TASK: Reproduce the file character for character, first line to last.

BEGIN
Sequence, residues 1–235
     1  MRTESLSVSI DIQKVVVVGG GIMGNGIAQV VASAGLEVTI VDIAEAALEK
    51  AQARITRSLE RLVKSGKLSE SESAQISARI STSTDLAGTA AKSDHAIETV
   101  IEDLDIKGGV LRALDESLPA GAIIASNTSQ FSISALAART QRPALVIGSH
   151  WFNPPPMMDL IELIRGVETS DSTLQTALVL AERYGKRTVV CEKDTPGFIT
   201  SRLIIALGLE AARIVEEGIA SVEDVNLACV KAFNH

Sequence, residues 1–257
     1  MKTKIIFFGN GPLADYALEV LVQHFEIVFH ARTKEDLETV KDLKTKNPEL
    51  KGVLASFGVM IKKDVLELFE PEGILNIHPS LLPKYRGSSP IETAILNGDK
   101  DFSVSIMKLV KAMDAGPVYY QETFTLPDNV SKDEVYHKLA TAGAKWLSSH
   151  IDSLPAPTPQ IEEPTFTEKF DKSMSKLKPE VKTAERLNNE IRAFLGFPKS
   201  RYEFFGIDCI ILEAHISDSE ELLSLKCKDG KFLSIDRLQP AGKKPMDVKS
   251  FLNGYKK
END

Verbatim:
Sequence, residues 1–235
     1  MRTESLSVSI DIQKVVVVGG GIMGNGIAQV VASAGLEVTI VDIAEAALEK
    51  AQARITRSLE RLVKSGKLSE SESAQISARI STSTDLAGTA AKSDHAIETV
   101  IEDLDIKGGV LRALDESLPA GAIIASNTSQ FSISALAART QRPALVIGSH
   151  WFNPPPMMDL IELIRGVETS DSTLQTALVL AERYGKRTVV CEKDTPGFIT
   201  SRLIIALGLE AARIVEEGIA SVEDVNLACV KAFNH

Sequence, residues 1–257
     1  MKTKIIFFGN GPLADYALEV LVQHFEIVFH ARTKEDLETV KDLKTKNPEL
    51  KGVLASFGVM IKKDVLELFE PEGILNIHPS LLPKYRGSSP IETAILNGDK
   101  DFSVSIMKLV KAMDAGPVYY QETFTLPDNV SKDEVYHKLA TAGAKWLSSH
   151  IDSLPAPTPQ IEEPTFTEKF DKSMSKLKPE VKTAERLNNE IRAFLGFPKS
   201  RYEFFGIDCI ILEAHISDSE ELLSLKCKDG KFLSIDRLQP AGKKPMDVKS
   251  FLNGYKK